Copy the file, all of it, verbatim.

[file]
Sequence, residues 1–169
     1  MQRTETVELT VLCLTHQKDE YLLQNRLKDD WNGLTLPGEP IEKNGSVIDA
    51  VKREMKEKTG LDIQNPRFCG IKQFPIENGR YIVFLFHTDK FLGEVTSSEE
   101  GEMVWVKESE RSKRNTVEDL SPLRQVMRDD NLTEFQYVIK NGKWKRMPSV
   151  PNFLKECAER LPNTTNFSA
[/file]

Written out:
Sequence, residues 1–169
     1  MQRTETVELT VLCLTHQKDE YLLQNRLKDD WNGLTLPGEP IEKNGSVIDA
    51  VKREMKEKTG LDIQNPRFCG IKQFPIENGR YIVFLFHTDK FLGEVTSSEE
   101  GEMVWVKESE RSKRNTVEDL SPLRQVMRDD NLTEFQYVIK NGKWKRMPSV
   151  PNFLKECAER LPNTTNFSA